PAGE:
Common Core causes disquiet

BY SYDNEY WIDELL —

District staff works to accommodate new educational standards

Despite any backlash within the district or in Madison over the Common Core Academic Standards, the Shorewood School District expects a successful and seamless implementation of the new initiative.

In July, Governor Walker called on the state legislature to repeal Common Core by early January; while no decisive action has taken place yet, this discussion will continue throughout the fall and into early winter. Initially an apparent supporter of the program, Gov. Walker has since led nationwide efforts to end it. Neither its critics nor advocates in Shorewood believe that this new round of debate will amount to anything or have much effect on the school’s curriculum.

“It’s all political … With politicians, the safest thing to do is nothing,” said Nancy Peske, a Shorewood parent, alumna and founder of the organization Shorewood Parents Concerned About Common Core.

Timothy Kenney, principal, agrees.

“There’s a lot of political struggle,” Kenney said. “We’re stuck in the middle.”

Common Core was designed to create consistent educational standards for students all across the country, establishing skills and knowledge baselines in core subjects like English, mathematics and science.

“Shorewood has very high standards, but Wisconsin didn’t,” said Paru Shah, former chair of the Shorewood School Board Curriculum Committee.

Wisconsin schools had previously based their curriculum on the Wisconsin State Standards, which were similar to those outlined by Common Core and had been in place for nearly 15 years. It was easy for the district to convert to the new program, a process that has been underway for several years.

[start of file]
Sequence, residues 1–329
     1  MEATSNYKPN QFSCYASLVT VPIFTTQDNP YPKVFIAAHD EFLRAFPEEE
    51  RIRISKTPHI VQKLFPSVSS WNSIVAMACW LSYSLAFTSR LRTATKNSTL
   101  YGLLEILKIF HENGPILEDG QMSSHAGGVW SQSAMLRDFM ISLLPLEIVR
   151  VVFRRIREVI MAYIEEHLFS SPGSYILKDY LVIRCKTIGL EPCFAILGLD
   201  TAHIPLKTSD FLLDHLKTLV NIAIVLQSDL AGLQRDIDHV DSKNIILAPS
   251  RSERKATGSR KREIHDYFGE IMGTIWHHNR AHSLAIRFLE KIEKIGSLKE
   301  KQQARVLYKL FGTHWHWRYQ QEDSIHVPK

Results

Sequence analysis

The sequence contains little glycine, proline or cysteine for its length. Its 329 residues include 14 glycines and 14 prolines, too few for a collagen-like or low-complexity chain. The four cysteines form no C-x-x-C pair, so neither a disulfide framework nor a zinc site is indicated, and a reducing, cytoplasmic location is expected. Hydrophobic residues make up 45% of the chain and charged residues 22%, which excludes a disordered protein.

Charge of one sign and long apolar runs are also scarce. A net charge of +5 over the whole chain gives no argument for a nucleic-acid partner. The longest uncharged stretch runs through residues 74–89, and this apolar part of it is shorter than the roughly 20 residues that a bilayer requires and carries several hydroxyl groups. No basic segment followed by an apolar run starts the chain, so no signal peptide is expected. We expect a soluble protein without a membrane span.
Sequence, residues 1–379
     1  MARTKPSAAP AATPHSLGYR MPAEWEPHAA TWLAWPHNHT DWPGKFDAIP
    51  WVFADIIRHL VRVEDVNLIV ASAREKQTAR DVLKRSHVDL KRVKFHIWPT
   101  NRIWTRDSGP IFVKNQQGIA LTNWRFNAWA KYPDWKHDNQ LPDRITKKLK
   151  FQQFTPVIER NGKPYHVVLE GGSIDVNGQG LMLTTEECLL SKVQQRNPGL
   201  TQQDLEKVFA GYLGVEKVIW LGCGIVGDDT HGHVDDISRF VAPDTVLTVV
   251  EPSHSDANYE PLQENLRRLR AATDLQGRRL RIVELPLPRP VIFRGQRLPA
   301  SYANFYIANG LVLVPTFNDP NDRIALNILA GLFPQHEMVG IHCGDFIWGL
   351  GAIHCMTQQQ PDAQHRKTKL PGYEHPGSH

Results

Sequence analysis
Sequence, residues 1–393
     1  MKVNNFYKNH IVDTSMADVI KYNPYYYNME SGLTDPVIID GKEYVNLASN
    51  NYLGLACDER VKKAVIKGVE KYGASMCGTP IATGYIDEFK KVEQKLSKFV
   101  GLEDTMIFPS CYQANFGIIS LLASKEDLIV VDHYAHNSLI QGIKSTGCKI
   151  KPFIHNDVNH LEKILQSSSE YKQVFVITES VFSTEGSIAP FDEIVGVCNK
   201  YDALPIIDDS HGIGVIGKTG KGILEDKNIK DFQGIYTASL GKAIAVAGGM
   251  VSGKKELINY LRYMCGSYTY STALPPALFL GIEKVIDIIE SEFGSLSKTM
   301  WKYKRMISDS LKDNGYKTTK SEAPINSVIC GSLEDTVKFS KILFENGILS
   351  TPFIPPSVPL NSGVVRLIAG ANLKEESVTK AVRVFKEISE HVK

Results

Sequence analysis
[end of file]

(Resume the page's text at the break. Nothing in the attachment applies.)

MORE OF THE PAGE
However, critics doubt the effectiveness of the new system.

“The whole process is dubious. It has the potential to be really disruptive and damaging to Shorewood education,” Peske said.

Peske fears that, because the system has never been tested, it will challenge teachers and lower the quality of education for students.

Debra Schwinn, social studies teacher, agrees.

“The implementation has been botched in so many ways because it was rushed. We just need to be extremely cautious with Common Core. We need to be aware of what our own goals and aims for this place are and be sure that Common Core can be complementary to what we do and not something that takes us over and changes us into something we’re not,” Schwinn said.

“It pushes the curriculum and the way teachers teach,” Peske said. “Common Core is a complex, top-bottom initiative.”

The district opted to align with the standards rather than adopting them, allowing students to familiarize themselves with content that will later appear on standardized tests, while still enjoying the high caliber education offered at Shorewood.

Much like they did 15 years ago, departments met and adjusted their curriculum to conform to the new standards, though most of the changes will not affect the material, only the sequence in which it will be taught. The district has already aligned with standards in English and social studies, and is almost aligned in math.  Not only does the school meet the standards, it regularly exceeds them.

“The material hasn’t changed, just the way it is being taught,” Shah said.

“They want more depth of knowledge, we already do that. We’ve always done that. Not much is going to change,” Kenney said. “It’s not going to change educational delivery.”

The biggest change students will notice is the Smarter Balanced Assessment, a new standardized test that will evaluate students in mathematics and reading. The WKCE will still be administered to assess students in science, social studies and language arts.

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